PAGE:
Anna E. McChristie (b. 1862) lived at 6315 or 6321 Lexington
in Chicago. Her age was
given as thirty-five in some Iroquois death lists and twenty-seven
in others but she was probably forty-one. She attended the
theater with two other unnamed women who may not
have survived and/or may not have known her date of
In 1900 Anna
worked as a maid, employer unknown. By 1903
she worked as a dressmaker. Dressmakers in
1903 worked out of their homes, in department stores
and in factories. It is not known where Anna
worked. Womens clothing made up only 25% of
ready-to-wear garments and most middle class
homemakers made the clothing for their families. The
wealthy hired dressmakers and at least one of Anna's
cousin's was in a position to contract for her
services. Hope she was so lucky.
Sweat shops were a horror.
Anna was the daughter of the late Thomas and Mary
Thompson McChristy of New York. She had lived in
Chicago from at least 1880 to 1902 with her great aunt and
uncle, Mary and John Willson. She had two surviving
siblings back in New York.
Anna's great uncle John was a carpenter but one
of he and Mary's daughters married a wealthy
successful banker and may have contributed to her
mother's upkeep after his death because in 1900 Mary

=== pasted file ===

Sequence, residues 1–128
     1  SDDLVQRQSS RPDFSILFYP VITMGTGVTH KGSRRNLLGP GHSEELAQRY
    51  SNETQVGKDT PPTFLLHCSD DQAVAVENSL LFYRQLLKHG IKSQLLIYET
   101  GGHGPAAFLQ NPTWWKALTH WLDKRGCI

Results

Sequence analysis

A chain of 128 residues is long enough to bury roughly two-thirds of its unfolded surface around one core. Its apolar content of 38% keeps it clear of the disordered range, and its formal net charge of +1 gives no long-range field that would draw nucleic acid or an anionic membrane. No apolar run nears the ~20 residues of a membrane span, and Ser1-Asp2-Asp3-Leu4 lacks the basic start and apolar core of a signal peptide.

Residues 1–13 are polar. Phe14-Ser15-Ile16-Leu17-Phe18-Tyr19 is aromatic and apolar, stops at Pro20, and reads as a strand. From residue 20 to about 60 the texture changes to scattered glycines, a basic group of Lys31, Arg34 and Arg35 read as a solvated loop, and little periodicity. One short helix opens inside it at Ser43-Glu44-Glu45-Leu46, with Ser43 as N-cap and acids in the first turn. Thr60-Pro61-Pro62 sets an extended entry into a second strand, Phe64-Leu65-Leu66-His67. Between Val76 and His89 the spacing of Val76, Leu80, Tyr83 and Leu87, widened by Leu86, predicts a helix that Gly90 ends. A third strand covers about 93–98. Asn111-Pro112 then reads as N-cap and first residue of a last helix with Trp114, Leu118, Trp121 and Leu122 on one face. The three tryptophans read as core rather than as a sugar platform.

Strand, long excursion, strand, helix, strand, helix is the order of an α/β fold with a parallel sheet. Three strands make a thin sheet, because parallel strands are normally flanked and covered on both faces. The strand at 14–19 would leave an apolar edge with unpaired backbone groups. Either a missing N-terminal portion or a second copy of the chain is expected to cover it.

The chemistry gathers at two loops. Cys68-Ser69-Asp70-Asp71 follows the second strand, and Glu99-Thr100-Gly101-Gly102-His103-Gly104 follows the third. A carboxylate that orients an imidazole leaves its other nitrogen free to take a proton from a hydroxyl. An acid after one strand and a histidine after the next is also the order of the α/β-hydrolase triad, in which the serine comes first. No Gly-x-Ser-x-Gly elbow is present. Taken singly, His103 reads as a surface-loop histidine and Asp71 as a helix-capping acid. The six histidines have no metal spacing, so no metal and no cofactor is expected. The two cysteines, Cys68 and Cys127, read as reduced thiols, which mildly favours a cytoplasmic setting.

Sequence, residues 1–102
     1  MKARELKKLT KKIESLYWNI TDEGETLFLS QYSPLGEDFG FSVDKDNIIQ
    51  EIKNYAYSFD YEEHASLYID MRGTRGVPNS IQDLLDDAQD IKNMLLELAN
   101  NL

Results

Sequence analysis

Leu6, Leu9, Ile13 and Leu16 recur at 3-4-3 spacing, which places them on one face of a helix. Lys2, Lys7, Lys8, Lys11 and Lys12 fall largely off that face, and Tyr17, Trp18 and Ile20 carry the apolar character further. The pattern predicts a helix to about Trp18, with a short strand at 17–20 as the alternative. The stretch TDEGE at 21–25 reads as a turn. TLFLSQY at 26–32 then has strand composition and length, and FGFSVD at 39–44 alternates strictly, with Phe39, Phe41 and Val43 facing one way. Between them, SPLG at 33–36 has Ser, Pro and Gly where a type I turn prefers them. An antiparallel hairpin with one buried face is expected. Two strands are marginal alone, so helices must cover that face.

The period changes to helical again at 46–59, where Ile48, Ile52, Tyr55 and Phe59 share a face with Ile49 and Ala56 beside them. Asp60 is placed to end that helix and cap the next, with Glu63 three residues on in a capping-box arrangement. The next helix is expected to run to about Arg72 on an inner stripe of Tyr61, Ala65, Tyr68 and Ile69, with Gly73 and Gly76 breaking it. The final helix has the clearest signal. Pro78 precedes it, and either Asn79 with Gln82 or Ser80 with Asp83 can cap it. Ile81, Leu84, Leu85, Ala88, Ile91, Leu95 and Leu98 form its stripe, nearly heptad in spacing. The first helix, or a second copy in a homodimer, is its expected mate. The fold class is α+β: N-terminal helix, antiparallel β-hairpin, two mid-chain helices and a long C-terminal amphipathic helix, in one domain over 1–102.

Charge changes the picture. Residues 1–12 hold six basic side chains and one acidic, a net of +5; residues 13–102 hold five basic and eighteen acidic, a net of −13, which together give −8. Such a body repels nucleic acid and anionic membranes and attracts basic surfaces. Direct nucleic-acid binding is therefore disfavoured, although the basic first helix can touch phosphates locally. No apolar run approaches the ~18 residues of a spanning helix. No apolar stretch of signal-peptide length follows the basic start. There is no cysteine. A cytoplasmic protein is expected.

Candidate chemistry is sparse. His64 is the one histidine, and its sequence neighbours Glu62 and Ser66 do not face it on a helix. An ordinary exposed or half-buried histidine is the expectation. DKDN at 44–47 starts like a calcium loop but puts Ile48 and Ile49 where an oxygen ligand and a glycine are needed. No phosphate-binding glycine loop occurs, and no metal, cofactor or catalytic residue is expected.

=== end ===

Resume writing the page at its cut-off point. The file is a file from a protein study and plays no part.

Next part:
was able to afford a domestic servant.
Mary Willson died a
year prior to the Iroquois Theater fire and it is
likely Anna was renting a room on Lexinton. Anna's
cousins, the Mary and John Willson's children and
grandchildren, lived in Chicago and Rock Island and
might have become involved in Anna's funeral and
Anna's body was identified by
Dr. Howard Steere* who was affiliated with the
Hering Emergency Hospital at 3832 Rhodes. I found no
other references to the Hering facility or Dr.
conjunction with Iroquois victims so it is not
likely that Anna was taken to his hospital. If
he was one of the many physicians and nurses who
came to the Iroquois to volunteer their services,
how did identify Anna? Perhaps she carried
something on her person or in her purse.
Presumably one or more of her theater companions
reported her as missing.
Discrepancies and addendum
* In 1914 at age thirty-seven
Steere was murdered by a patient, thirty-year-old
Polish immigrant Anton Truskowski, a window washer at the Palmer House. Left
weakened after a hernia operation by Steere, despite
three months of treatment totaling $435 in charges
($11,000 today, about the average price of hernia
surgery today), Truskowski put two shots in Steer's
gut and one in his own heart. Steere remained
conscious long enough to point to Truskowski as the
shooter. Steere's partner, Dr. Sprafka, described Truskowki as a
"half wit anarchist" whom they had charged half price.
At the time Steer was married with two sons under
four years of age. Steere had studied
medicine in Herrick, North Dakota and began
practicing medicine in 1896.